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At a glance: Liberia

New schools and accelerated learning help Liberian students make up for lost time

© UNICEF Liberia/2005/Johnson
Students of Bahn Elementary School carry school supplies distributed by UNICEF.

By Samuel W. Johnson

BUANPLAY, Liberia, 25 May 2005 – Thirteen-year-old Kosaye is the oldest student in her first grade class. Because of Liberia’s 14-year civil war, children like Kosaye missed the vital years of their schooling. With the guns of war now silenced, many schools have finally reopened. Despite her classmates’ constant teasing about her age, Kosaye is determined to stay in school and finish her education.

Kosaye lives in Buanplay village, a rural community in Nimba County. She attends the only elementary school in the village – a tiny building with huge gashes on the walls and ceilings. In the back row of a classroom, Kosaye sits quietly with her youngest brother in her lap. As the oldest of three children, it is her daily chore to look after her baby brother. While Kosaye is in school, her mother works in the village market and her father tills the fields.

© UNICEF Liberia/2005/Johnson
Thirteen-year-old Kosaye is the oldest student in her first grade class. She tends her brother at school while her parents work.

To improve the learning environment for Buanplay’s children, farm families like Kosaye’s are contributing to a new community development initiative: the construction of a brand new school. Neighbouring villages have collectively agreed to cut back on commercial farming and devote hours every week to making cinder blocks, which will be used to build the new school.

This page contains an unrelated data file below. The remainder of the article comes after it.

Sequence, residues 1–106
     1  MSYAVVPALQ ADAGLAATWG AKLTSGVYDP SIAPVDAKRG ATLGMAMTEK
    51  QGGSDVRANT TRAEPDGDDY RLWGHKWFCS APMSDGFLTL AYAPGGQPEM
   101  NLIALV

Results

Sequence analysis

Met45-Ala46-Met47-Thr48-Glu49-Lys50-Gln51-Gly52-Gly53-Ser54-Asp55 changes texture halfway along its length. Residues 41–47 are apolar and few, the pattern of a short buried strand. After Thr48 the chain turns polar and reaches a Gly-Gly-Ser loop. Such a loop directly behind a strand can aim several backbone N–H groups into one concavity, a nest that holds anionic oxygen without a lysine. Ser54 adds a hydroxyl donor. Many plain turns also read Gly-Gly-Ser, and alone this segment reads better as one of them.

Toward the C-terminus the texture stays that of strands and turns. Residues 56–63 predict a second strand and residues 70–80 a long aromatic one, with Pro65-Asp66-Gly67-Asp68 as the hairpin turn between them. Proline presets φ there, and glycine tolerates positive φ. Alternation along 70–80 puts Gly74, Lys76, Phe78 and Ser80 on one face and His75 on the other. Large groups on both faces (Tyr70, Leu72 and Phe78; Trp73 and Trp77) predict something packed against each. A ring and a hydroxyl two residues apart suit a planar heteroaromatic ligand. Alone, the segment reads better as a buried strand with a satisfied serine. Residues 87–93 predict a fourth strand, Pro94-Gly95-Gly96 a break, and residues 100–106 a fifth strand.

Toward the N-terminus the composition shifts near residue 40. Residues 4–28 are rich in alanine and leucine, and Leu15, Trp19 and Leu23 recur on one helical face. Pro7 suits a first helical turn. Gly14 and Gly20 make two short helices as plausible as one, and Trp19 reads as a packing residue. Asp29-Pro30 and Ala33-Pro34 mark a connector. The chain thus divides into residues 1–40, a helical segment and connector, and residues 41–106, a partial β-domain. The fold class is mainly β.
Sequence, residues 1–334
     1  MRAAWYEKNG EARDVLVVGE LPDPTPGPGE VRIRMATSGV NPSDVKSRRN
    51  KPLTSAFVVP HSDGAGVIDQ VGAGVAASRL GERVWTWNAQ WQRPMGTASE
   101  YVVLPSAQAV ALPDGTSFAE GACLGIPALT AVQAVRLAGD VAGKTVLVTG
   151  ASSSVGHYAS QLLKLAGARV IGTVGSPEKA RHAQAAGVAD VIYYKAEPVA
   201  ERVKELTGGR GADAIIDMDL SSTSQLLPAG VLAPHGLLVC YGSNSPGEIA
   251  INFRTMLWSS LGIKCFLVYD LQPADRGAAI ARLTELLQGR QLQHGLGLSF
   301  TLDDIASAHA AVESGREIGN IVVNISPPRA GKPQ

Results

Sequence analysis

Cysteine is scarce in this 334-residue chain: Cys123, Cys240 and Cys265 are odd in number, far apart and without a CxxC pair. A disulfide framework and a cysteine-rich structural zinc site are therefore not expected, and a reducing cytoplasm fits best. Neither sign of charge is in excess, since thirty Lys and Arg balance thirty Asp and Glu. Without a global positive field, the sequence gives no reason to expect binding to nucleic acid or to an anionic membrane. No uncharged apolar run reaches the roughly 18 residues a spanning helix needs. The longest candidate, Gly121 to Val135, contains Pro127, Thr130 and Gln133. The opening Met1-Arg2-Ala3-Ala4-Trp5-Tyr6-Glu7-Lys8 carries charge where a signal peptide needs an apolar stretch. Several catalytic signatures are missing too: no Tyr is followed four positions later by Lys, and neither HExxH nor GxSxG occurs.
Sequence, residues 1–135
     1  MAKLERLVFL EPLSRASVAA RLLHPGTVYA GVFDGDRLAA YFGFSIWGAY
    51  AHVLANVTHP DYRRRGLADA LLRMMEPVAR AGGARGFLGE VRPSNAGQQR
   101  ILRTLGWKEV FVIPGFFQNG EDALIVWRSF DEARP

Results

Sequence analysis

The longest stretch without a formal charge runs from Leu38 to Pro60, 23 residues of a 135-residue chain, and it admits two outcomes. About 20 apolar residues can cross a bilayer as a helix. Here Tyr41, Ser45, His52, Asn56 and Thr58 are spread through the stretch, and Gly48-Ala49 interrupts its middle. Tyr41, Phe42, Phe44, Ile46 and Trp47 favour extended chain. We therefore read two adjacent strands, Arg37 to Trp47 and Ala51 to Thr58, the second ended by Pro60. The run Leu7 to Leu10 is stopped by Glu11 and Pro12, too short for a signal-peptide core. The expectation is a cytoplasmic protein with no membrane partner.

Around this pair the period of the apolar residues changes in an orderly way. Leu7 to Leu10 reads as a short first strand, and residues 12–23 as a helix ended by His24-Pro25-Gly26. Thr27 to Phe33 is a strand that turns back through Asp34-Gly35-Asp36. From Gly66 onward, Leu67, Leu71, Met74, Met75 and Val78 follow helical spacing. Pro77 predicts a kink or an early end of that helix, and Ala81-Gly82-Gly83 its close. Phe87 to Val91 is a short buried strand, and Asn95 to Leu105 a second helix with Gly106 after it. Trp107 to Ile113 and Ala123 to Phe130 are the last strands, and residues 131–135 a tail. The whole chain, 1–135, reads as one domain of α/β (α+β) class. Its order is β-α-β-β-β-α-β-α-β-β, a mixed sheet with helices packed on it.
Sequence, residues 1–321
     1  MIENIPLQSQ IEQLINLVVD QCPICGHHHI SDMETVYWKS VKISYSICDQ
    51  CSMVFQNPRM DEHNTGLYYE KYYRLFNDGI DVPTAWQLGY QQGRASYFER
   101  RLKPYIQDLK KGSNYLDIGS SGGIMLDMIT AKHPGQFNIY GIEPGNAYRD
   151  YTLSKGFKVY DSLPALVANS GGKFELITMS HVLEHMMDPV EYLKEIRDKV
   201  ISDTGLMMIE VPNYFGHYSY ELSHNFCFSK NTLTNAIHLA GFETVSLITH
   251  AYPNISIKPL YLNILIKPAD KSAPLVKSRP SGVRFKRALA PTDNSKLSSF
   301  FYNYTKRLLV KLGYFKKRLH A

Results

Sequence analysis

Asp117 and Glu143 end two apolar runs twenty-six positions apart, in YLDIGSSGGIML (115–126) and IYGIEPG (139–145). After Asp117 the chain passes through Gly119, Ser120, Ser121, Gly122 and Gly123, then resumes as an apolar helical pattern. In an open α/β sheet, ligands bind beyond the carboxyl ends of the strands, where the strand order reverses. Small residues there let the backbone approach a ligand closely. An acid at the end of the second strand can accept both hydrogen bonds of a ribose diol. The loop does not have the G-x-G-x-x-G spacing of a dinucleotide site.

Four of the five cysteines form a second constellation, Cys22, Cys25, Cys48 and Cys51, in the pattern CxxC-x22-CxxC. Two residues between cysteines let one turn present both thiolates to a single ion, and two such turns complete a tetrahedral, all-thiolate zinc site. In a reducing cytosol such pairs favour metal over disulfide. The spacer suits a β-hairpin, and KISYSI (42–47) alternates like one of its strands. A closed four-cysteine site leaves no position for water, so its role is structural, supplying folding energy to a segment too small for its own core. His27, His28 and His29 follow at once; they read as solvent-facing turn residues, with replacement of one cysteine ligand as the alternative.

“Liberia is being revitalized more and more each day as peace becomes a reality. After 14 years of war, if there are people who deserve peace and reconstruction, it is the Liberians,” says UNICEF Representative Angela Kearney. “It’s heart-warming to work with communities like Buanplay who, while desperately poor, are pooling their resources together to put children first. UNICEF’s role now is to help them get the job done.”

UNICEF is providing teaching and learning materials to schools across the country. In Nimba, UNICEF has distributed school supplies for more than 200,000 students in 500 schools, including Kosaye’s.

© UNICEF Liberia/2005/Johnson
Older students, whose education was interrupted by 14 years of civil war, make up for lost time in the intensive Accelerated Learning Programme supported by UNICEF.

UNICEF has also helped launch the Accelerated Learning Programme (ALP) to address the needs of the children whose education was interrupted by the conflict. Almost half of the Liberia’s school children – an estimated 500,000 students – will benefit from the programme.

“ALP condenses six years of primary schooling into three years of intensive education, enabling children and youth to make up for their lost years,” says UNICEF Liberia Education Officer Tom Shafer. “Presently, UNICEF is supporting the Ministry of Education to implement ALP in 115 community schools in eight counties.”

“ALP also strives for gender equality and offers a golden opportunity to rapidly impact Liberia’s high illiteracy rates and low primary school completion figures,” explains Mr. Shafer.

Kosaye is looking forward to the implementation of ALP. With the construction of her new school nearly complete, her hopes for the future have been restored. Kosaye’s goal is to earn a high school diploma – a goal that UNICEF and its partners will help her and every Liberian child to achieve.



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